“I think that the impending ‘cookie apocalypse’ will be really beneficial for premium content producers. So ... 2022 can't come fast enough, given the opportunity that contextual advertising really does offer.”
Bring on the cookie apocalypse
While the ACCC’s ‘rebalancing’ work may ultimately benefit publishers, incoming privacy regulation and the resulting moves by browser companies to cull third party cookies within two years poses significant disruption to the ad ecosystem. (Get up to speed on that here)
Portrate, however, thinks publishers can only gain. She says 2022 – and a wholesale swing back towards contextual targeting - cannot come fast enough.
“I think that the impending ‘cookie apocalypse’ will be really beneficial for premium content producers,” she suggests, arguing that marketers want to buy audiences, not cookies, and that those audiences can be found alongside the right content.
“So I think the context that the content delivers will make a huge impact and offset some of the regulation that is coming,” says Portrate.
Meanwhile, for all the headwinds they have faced in the last decade, Australian publishers have made significant inroads in driving subscriptions and log-ins. Those efforts look set to pay dividend when third party cookies kick the bucket.
“Half of Nine's masthead revenue is now from subscriptions, says Chris Janz. “News Corp has 640,000 digital subscribers and it's growing at 24 percent year on year. The Herald and The Age are growing north of 20 per cent and that's accelerated first through the summer bushfire period and most recently Covid.”
Janz suggests the long-term shift to subscription models ultimately presents upside for advertisers, “not only for the identities and the deep data that we have, but also because subscribers tend to be incredibly engaged and they have high levels of trust in the environment.”
Getting audiences to log in and subscribe should also put media owners in the clear when it comes to privacy concerns, says Kim Portrate.
“Regarding [incoming privacy] regulation, all members of the Premium Content Alliance are already in industries where they are heavily regulated. They meet and in some cases exceed the requirements of the law. So I don’t think that is going to be an issue.”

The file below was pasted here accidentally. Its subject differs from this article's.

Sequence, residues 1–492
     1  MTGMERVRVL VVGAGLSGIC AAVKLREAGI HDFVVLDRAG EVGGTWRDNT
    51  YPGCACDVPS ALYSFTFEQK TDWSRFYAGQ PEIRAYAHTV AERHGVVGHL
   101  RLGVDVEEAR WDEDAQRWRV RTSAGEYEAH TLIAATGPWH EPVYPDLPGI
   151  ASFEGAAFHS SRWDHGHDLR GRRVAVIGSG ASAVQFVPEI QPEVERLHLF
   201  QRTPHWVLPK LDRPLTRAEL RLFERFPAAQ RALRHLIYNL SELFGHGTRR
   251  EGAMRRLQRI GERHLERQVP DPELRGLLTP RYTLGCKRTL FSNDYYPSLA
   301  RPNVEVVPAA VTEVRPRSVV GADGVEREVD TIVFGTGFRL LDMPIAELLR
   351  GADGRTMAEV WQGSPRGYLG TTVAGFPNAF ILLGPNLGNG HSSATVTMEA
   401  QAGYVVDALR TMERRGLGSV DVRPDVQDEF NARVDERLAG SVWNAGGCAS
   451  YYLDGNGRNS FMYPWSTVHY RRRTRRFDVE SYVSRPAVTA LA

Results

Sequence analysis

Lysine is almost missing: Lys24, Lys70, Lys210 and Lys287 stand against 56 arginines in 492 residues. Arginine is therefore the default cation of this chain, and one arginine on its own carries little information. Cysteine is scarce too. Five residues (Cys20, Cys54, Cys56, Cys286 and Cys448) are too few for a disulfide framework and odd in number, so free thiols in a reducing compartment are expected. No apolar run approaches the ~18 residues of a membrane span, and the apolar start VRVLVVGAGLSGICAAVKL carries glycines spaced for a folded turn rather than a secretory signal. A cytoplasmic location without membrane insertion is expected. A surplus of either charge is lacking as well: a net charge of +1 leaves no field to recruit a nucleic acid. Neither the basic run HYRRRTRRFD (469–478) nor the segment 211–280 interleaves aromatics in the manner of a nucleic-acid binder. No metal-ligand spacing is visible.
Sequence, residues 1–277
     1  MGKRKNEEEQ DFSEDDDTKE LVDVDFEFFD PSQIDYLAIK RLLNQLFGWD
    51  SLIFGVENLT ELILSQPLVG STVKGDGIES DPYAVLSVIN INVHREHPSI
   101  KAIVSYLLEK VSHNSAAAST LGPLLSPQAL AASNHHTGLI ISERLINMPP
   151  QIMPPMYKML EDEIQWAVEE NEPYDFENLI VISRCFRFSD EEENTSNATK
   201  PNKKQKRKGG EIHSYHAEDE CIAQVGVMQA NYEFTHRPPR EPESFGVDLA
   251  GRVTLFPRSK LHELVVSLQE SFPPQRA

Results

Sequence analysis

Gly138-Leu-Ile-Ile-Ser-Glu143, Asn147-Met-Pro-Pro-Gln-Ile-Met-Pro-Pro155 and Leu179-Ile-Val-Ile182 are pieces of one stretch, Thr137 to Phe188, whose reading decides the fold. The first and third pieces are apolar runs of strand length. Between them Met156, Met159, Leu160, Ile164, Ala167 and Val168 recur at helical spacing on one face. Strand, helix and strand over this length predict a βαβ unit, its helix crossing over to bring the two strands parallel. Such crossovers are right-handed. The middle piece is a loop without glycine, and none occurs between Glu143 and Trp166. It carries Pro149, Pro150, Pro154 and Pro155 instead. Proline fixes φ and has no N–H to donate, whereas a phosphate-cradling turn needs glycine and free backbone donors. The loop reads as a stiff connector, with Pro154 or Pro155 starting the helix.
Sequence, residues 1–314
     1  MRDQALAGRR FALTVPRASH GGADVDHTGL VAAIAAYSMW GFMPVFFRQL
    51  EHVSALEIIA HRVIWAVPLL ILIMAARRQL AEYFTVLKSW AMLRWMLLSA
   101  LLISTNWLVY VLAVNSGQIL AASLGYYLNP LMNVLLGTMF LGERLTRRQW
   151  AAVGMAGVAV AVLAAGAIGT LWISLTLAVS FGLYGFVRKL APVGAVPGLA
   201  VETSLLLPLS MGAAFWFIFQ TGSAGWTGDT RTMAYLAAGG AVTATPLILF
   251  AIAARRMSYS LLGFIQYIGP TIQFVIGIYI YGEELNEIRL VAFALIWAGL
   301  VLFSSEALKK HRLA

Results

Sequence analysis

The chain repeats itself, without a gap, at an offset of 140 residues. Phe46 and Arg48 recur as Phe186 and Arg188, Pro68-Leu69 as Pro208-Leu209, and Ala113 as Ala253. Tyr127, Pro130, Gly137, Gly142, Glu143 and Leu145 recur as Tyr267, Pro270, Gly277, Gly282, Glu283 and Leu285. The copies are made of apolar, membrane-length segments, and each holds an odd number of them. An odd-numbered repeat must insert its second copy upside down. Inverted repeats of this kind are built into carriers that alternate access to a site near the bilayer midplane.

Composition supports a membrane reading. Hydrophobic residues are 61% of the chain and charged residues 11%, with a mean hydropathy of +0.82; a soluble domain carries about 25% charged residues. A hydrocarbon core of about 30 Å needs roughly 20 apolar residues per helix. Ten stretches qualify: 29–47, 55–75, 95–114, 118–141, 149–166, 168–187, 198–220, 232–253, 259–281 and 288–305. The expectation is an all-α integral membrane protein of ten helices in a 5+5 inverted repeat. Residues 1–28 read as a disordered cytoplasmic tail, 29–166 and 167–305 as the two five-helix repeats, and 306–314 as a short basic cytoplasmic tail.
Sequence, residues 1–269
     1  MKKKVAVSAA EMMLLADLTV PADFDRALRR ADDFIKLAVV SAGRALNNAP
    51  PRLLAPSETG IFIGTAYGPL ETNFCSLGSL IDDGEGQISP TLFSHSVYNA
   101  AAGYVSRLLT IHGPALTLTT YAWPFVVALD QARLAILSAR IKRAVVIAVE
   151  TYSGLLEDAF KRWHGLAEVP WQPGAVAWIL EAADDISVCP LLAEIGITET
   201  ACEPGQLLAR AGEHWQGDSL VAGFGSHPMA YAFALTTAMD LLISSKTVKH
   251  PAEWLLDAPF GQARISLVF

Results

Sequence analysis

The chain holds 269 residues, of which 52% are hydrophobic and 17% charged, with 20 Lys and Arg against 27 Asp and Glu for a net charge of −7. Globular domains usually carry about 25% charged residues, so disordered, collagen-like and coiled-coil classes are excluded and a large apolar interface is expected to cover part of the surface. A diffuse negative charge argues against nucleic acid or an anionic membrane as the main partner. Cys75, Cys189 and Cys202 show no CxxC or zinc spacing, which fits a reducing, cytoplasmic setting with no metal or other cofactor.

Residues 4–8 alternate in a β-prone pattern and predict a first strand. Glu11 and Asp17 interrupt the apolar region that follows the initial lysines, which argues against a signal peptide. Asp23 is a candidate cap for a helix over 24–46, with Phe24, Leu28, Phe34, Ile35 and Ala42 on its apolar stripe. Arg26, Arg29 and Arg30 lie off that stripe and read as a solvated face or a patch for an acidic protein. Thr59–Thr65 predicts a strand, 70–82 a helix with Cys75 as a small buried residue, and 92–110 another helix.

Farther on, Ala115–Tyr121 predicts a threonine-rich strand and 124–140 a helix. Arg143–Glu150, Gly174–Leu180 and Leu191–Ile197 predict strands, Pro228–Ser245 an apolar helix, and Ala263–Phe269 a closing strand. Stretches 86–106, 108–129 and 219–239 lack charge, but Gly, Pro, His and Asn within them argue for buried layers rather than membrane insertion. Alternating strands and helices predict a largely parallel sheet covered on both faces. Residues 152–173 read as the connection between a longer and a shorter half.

On the contrary, she says the first party data Alliance members have amassed (“one member alone has 11m unique user IDs”) will be something advertisers actively seek out.
“What’s more important is that it’s transparent. You can absolutely see it is independently measured. And if you're an advertiser and you want to bring your data pool in and marry it with one of the media owners' data, that’s done in a way that is completely transparent. So you always know where it's going, you know where your money is, and you know what you're getting back for it,” says Portrate.
“So I actually think 2022 can't come fast enough, given the opportunity that contextual advertising really does offer.”
In the meantime, with the market facing a jaundiced outlook, Portrate says it is key for advertisers that want to emerge stronger from recession to “remember that attention equals impact equals business income.
“We will be re-prosecuting that message and proving that we are the best mediums available to deliver that”.
Australians’ travel habits have irrevocably changed, as a 40 per cent remote workforce realises it can work from anywhere. But “Wandering Workers” are just one of the trends identified in Nine’s State of the Nation Travel report for 2022. There are “New Frontiers” and deeper levels of expertise Australians are searching for to spend tens of billions of travel dollars each year. One expert’s take? “Regenerative Travel” is where the riches are to be made.
Retail media growth and the secret sauce: Nando's sees 27% sales uplift, 70% new customers in Cartology omnichannel retail campaign with Fresh Magazine, social, front of store screens and more
Retail media is forecast to triple in size over the next five years from $850 million to $2.14 billion. It has become one of the most talked about emerging media sectors – and for good reason. It has a unique, data-led approach based on real customer insights and closed loop reporting, adding real accountability to campaign investment. Just ask fan favourite Nando’s.
And it continues its growth trajectory.